If you suffer from arthritis, you are in good company. The National Institutes of Health estimates that about one out of every five Americans today have some form of this condition, which causes inflammation of the joints and can make it painful to complete your activities, depending on the severity and type of your symptoms.

Some patients with certain types of arthritis find that following a special diet or making strategic nutritional changes can help them feel better, but the latest word from the medical field is that what you eat isn’t proven to cure your symptoms. Nonetheless, most nutritionists stress that eating a healthy diet and staying within the recommended weight guides is indeed an important step for everyone.

The Role of Diet

Many arthritis sufferers hold on to the belief that food has some special cure-all properties to counteract some of the discomfort that comes along with the disease. But while eating a balanced diet rich in fruits, vegetables, grains, lean meats and antioxidants can be said to reduce your risk for cardiovascular disease and a host of other health conditions, there doesn’t seem to be any medical proof at this point that the foods themselves will make the inflammation caused by your arthritis lessen to any significant extent.

Therefore, experts warn patients of the risk of getting roped into trying some of the popular “fad” diets and nutritional supplements that are advertised to cure arthritis. Further, rheumatologists point out that many arthritis patients can actually experience harmful effects if they don’t receive the proper nutrition in their diet. So while eating well helps, it is ill-advised to try any dramatic or expensive eating plans in the hopes this will cure your symptoms.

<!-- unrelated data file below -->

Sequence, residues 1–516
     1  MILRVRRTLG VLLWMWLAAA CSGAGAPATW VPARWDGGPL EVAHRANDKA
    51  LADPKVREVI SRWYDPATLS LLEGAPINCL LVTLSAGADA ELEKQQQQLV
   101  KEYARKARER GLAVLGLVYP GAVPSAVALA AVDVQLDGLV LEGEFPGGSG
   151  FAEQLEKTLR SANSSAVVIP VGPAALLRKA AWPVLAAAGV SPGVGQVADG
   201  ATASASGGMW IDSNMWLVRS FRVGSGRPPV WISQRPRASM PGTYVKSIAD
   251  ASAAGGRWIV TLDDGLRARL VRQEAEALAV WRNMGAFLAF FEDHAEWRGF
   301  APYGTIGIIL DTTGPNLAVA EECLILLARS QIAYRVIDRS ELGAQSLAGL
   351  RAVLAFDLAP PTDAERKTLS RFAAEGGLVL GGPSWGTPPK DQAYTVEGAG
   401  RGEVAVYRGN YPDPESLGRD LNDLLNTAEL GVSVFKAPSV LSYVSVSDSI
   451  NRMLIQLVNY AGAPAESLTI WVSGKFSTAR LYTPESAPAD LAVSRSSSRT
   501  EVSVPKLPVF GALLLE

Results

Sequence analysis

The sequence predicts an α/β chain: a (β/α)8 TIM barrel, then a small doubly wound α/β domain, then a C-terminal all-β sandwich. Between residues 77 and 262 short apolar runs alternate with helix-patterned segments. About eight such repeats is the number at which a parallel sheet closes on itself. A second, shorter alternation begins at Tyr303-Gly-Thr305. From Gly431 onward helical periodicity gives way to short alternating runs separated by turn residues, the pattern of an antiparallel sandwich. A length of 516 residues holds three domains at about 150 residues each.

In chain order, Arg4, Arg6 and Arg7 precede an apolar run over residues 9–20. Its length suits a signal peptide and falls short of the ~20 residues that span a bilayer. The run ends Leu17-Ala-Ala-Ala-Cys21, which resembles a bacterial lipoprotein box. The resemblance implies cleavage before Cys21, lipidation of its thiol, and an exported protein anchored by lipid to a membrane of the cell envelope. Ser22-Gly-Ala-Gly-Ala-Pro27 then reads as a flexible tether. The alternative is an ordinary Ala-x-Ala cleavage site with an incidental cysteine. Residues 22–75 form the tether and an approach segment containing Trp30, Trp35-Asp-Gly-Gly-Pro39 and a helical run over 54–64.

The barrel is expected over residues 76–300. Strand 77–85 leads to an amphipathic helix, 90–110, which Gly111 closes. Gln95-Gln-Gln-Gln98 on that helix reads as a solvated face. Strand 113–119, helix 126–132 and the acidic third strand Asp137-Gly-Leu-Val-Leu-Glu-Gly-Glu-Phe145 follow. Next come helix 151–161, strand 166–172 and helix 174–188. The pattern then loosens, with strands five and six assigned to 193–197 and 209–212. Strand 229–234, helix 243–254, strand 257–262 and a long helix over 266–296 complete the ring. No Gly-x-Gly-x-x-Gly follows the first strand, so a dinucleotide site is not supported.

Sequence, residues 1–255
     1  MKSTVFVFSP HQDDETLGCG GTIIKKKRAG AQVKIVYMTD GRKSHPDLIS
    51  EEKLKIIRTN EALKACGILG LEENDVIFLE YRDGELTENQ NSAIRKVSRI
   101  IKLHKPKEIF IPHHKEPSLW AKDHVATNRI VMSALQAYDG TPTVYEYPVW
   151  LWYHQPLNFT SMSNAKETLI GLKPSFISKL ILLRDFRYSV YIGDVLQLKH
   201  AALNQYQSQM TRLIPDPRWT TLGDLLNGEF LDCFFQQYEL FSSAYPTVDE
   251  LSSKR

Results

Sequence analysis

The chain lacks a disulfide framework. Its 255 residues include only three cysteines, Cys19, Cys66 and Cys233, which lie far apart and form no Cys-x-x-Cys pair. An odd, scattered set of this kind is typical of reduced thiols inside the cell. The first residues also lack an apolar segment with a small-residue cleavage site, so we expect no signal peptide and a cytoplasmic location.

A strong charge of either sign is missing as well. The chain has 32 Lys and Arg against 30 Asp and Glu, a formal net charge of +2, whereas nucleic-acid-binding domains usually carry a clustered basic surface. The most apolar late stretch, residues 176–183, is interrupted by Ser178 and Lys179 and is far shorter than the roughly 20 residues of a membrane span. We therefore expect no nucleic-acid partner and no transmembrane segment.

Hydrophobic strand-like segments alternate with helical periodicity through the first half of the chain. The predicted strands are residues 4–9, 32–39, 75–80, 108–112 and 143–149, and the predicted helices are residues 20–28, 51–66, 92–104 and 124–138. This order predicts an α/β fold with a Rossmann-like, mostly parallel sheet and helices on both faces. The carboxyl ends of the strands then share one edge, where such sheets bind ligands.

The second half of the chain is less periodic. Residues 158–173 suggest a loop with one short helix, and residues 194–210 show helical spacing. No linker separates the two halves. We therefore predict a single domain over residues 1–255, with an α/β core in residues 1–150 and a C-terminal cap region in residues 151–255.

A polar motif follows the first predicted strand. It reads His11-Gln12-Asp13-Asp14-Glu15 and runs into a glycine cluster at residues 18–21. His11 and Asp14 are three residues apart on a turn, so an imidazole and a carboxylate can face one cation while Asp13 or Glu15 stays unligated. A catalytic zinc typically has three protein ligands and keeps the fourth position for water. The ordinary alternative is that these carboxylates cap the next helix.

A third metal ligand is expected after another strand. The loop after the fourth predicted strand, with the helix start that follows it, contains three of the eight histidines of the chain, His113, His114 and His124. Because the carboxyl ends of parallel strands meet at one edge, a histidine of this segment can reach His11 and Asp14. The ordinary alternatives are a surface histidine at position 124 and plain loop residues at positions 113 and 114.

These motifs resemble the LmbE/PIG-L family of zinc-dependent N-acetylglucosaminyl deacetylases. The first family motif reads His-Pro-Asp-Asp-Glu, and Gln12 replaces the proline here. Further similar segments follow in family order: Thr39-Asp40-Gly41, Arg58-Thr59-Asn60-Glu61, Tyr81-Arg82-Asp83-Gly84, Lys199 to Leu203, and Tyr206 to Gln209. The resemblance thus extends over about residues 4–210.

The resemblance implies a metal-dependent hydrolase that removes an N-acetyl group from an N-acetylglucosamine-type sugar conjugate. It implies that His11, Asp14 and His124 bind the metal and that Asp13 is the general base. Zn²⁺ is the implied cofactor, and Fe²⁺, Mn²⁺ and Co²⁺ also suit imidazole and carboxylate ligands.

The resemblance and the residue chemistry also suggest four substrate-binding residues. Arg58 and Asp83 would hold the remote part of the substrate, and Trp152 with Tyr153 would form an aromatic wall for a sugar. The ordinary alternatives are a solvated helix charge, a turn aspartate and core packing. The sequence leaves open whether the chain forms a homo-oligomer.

Lose Extra Pounds

If you are overweight, though, what you eat can make a difference. This is because the pounds are putting extra strain on your joints and likely increasing your pain. Therefore, your best bet is to avoid excessive calories that offer little nutritional value and instead opt for fruits and vegetables to help you achieve, and maintain, a healthy weight.

Keep Realistic Expectations

While some arthritis patients (particularly those with rheumatoid arthritis) seem to have deficiencies in certain vitamins, there is not yet enough scientific data available to show if increasing your intake of certain antioxidants will make you feel better.  More research is currently being conducted to better understand the arthritis and diet connection. The best general guidelines suggest managing your condition through a range of approaches, including eating well, staying in shape and taking your medication as prescribed.

Further, until more solid conclusions are obtained, you should look to your doctor for guidance in your specific case.